class actions, disabled rights, copyright, attorneys general, online speech, law schools, obesity, New York, mortgages, legal blogs, safety, CPSC, pharmaceuticals, patent trolls, ADA filing mills, international human rights, humor, hate speech, illegal drugs, immigration law, cellphones, international law, real estate, bar associations, Environmental Protection Agency, First Amendment, insurance fraud, slip and fall, smoking bans, emergency medicine, regulation and its reform, dramshop statutes, hotels, web accessibility, United Nations, Alien Tort Claims Act, lobbyists, pools, school discipline, Voting Rights Act, legal services programs


November 06, 2006

Those judges of Madison County

By James R. Copland

I promised an entry on the upcoming elections in and around Madison County, Illinois -- that infamous jurisdiction we've highlighted in 3 Manhattan Institute studies (here, here, and here) and our recent Trial Lawyers, Inc.: Illinois report. Rather than giving you my take, I'll give you this extensive look by Ed Murnane, who as the president of the Illinois Civil Justice League -- the main legal reform group in the state -- is very close to these races and has a view from the inside:

Perhaps the most disheartening aspect of Madison County Round II -- a.k.a. the judicial elections in Southern Illinois two years after the historic Karmeier-Maag race –- is the likelihood that Madison County Round III is only two years away....

That long-term forecast is likely to be reality because of the recent death of Illinois Appellate Judge Terrence Hopkins, who served on the Fifth District Appellate Court, based in Mount Vernon. That’s the same court where Gordon Maag served and where present Appellate Justice Stephen McGlynn is fighting to hold off Maag’s pals and win the seat for the next ten years.

It does not get easy in Southern Illinois.

But enough about the future (maybe a bit more later). The present is here and we're into the final critical days -- yikes, it's really only hours -- to learn if the success of 2004 will be repeated in 2006. At this stage in 2004 –- three days out -– we were virtually certain that Lloyd Karmeier was going to be elected to the Illinois Supreme Court.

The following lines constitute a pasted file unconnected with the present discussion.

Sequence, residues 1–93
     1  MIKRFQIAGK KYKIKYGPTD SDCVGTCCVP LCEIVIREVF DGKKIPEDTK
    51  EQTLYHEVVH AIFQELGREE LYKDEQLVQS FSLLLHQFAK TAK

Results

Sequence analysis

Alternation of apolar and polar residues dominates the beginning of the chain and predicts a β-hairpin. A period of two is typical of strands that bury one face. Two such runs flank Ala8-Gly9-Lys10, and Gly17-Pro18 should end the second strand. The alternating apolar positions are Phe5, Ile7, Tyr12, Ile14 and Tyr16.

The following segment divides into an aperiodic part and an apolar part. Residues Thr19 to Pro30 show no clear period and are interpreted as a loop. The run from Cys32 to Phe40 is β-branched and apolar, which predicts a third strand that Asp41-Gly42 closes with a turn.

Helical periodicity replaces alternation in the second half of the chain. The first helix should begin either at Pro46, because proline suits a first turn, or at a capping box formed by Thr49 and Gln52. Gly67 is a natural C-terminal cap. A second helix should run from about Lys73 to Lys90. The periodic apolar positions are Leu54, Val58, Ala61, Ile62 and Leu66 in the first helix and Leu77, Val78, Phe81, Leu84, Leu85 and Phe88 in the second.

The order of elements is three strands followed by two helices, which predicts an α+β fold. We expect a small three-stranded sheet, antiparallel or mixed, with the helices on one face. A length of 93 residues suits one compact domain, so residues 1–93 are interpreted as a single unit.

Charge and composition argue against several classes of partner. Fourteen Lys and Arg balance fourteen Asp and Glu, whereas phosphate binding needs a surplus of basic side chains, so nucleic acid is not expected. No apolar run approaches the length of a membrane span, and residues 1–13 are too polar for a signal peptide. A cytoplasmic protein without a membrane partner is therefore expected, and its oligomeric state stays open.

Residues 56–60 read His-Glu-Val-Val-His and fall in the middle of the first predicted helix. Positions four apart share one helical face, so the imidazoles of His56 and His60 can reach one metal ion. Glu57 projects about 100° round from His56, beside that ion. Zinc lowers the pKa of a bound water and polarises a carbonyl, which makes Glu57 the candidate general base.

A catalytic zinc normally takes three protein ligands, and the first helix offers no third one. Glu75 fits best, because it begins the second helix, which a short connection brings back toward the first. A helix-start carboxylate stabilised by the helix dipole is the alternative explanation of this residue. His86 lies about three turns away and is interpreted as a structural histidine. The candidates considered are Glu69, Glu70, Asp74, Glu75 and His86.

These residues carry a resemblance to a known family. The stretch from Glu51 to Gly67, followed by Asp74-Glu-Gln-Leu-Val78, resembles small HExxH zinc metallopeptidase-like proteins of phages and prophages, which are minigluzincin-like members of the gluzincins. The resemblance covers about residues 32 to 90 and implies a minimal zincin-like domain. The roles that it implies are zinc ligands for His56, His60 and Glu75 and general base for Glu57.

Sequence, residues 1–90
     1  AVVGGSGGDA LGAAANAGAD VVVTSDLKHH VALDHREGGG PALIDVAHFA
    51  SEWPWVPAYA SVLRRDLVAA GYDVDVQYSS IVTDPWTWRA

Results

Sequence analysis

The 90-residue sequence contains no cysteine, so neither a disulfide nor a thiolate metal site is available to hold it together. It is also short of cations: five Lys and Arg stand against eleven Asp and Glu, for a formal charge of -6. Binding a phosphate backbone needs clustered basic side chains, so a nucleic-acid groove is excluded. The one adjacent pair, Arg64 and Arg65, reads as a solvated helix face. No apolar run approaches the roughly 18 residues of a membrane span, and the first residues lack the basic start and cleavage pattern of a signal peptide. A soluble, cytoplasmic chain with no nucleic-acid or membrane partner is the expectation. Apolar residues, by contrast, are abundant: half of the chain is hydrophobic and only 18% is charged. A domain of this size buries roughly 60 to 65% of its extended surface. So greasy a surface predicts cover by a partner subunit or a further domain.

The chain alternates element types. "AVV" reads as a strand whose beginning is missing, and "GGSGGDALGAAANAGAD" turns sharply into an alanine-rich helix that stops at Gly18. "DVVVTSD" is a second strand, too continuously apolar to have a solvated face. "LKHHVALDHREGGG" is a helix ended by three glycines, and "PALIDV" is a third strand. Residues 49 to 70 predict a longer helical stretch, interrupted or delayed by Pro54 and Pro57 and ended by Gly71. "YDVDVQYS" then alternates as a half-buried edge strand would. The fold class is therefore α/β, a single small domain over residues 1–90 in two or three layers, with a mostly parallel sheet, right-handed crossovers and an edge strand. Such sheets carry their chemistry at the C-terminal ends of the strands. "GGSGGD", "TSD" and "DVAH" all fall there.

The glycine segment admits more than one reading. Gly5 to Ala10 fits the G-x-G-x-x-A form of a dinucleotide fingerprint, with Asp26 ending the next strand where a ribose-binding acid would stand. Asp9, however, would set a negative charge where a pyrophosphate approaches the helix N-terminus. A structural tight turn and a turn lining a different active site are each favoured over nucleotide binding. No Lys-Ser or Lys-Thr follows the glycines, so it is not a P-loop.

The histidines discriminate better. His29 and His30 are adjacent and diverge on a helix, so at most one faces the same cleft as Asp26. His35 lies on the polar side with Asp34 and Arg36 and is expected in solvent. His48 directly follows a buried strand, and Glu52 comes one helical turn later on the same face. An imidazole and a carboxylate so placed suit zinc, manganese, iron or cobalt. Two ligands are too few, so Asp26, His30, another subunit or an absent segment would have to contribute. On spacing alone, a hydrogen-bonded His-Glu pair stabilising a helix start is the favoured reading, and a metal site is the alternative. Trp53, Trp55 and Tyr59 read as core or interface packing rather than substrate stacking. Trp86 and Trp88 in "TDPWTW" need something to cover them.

Today, it is not as certain that Justice Steve McGlynn will hold on to the Appellate seat he was appointed to by Karmeier.

As in 2004, the dollars are huge and costly television ads have been competing with ads for statewide candidates. Since Southern Illinois is primarily served by non-Illinois television markets, voters in Missouri, Kentucky, and Indiana are once again learning about Illinois judicial candidates, just as Illinoisans are learning about governors and senators from strange places.

Here's the situation: Steve McGlynn, a St. Clair County lawyer, was appointed to the Appellate Court by Justice Lloyd Karmeier to fill the vacancy created by the ouster of Appellate Judge Gordon Maag. (The appointment authority is one of the best aspects of being a Supreme Court justice.) According to the law and the process, McGlynn served until the next election (that's this year) and then has to seek a full ten-year term. Judicial elections in Illinois are partisan so the Republican McGlynn is looking to the same traditional Republican sources for financial support. And the Democratic challenger, a Saline County judge named Bruce Stewart, is looking to the same traditional sources that Southern Illinois Democrats always look to: organized labor and plaintiffs' attorneys. Did we mention plaintiffs' attorneys?

Stewart has a few things going for him that McGlynn does not. He has been a trial judge for the past ten years, while McGlynn has been practicing law. And he is from Saline County in the very southern reaches of the state (almost to Kentucky) while McGlynn is from St. Clair County –- the junior partner of the despicable "Madison and St. Clair Counties" axis.